The Chronicle of 813 is an anonymous Syriac chronicle that covers the period from 754 until 813.
A single copy of the Chronicle survives across four partially damaged folios of the manuscript Brit. Mus. Add. MS 14642, where it immediately follows another anonymous Syriac chronicle, the Chronicle of 846. This copy is of 10th- or 11th-century date and the handwriting is poor. It is written in cursive Syriac script, and may not originally have been bound together with the other chronicle, which was copied in Esṭrangela script. It is also a palimpsest, being written over an erased Greek catena patrum. These factors make the decipherment of the text extremely difficult in places.
The Chronicle as it stands begins with the death of the Syriac Orthodox patriarch Iwannis I in October 754. The last year entry is for 811, but the latest event recorded is the death of the Abbasid caliph al-Amīn in September 813. It also records the length of the complete reign of the Byzantine emperor Michael I from 811 to 813. The last sentence, referring to an event in May 812, is cut off. Probably it referred to the total solar eclipse of May 14. These may not be the original end points of the chronicle. It almost certainly began earlier than 754. Its earlier entries may have been copied in a companion manuscript now lost. It is more likely that it originally ended in 813 (like the copy), but it is not impossible that it once extended much later.
The Chronicle of 813 is written from a Miaphysite (Syriac Orthodox) perspective. It is unrelated to the Chronicle of 846, but is related to the 12th-century world chronicle of Michael the Syrian, although it does not appear to have been a source for it. Rather, for the period covered by the Chronicle (754–813), both works largely rely on the same source. The relationship of the Chronicle of 813 to the lost chronicle of Dionysios of Tel Maḥre, which Michael is known to have used, is unclear because Dionysios completed his work in 842, long after the existing Chronicle of 813 ends. There is one known discrepancy between the Chronicle of 813 and that of Dionysios. The former places the death of the anti-patriarch John of Kallinikos in the Seleucid era 1073, while Eliya of Nisibis quotes Dionysios placing it in the Seleucid year 1074.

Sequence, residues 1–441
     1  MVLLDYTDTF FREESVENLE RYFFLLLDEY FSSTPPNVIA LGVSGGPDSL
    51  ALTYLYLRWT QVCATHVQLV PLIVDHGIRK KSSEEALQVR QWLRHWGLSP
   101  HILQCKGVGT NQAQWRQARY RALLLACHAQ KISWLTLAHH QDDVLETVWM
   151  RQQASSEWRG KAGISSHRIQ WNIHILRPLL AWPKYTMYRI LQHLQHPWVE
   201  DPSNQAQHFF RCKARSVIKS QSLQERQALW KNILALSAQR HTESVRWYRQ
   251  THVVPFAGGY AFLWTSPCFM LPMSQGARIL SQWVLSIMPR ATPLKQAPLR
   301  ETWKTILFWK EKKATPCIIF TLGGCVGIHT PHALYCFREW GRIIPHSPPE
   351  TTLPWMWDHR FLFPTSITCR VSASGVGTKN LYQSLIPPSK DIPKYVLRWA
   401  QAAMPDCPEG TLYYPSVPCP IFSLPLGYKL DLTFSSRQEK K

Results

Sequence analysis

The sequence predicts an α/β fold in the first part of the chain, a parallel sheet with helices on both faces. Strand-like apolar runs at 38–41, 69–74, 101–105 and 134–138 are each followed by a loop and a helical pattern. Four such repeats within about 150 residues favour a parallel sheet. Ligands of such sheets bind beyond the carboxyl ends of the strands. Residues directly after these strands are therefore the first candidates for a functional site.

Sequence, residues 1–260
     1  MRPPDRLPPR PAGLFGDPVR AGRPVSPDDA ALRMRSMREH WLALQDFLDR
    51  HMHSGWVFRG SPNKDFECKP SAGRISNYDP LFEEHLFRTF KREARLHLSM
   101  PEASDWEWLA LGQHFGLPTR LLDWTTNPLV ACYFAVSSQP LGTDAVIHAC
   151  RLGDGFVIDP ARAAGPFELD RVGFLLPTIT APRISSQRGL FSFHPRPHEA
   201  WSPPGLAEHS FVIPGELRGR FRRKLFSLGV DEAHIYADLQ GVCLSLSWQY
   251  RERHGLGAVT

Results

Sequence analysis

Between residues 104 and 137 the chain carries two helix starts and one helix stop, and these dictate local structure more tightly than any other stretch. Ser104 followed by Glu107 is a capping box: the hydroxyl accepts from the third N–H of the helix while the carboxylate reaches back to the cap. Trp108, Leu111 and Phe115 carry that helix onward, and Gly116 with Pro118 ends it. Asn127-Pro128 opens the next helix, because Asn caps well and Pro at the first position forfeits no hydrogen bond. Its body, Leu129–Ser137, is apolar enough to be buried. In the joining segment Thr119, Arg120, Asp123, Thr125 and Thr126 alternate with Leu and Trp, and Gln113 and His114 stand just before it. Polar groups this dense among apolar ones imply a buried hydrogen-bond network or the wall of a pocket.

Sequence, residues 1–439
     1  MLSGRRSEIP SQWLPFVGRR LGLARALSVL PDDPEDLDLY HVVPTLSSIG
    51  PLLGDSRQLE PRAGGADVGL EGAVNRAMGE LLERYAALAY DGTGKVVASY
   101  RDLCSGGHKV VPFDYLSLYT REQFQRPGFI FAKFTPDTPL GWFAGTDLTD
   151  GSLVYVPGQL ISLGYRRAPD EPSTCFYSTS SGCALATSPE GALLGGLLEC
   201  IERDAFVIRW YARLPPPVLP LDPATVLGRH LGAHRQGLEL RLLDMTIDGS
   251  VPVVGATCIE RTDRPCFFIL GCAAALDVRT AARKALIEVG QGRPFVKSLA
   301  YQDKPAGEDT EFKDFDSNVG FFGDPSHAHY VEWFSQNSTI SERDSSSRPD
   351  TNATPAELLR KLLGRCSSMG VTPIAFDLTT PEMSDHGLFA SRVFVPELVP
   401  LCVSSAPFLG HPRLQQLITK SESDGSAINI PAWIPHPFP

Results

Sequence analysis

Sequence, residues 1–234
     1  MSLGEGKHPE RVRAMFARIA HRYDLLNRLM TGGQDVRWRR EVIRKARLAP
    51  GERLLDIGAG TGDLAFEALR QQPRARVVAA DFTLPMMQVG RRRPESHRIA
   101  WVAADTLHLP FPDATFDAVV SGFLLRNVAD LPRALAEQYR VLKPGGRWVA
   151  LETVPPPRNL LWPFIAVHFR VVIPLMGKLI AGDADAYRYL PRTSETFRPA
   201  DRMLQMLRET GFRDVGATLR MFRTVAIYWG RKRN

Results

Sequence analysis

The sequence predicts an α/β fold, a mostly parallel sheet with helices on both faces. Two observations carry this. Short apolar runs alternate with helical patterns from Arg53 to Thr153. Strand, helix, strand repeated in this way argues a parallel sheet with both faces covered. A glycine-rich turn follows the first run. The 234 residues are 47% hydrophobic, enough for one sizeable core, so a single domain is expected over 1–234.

The Chronicle contains little that is not also in Michael, but on a few occasions more detail is given. It is considerably more detailed than the laconic Chronicle of 846. It has a strong ecclesiastical focus, although it does record famines and earthquakes. It contains a valuable description of the anarchy that engulfed Syria following the death of the caliph Hārūn al-Rashīd in 809. It is also contains important information on the growth of the Christian community in largely pagan Ḥarrān (Karrhai). It is the earliest source to mention the miracle of the cut-up lamb in the conversion of Anthony Rawḥ.
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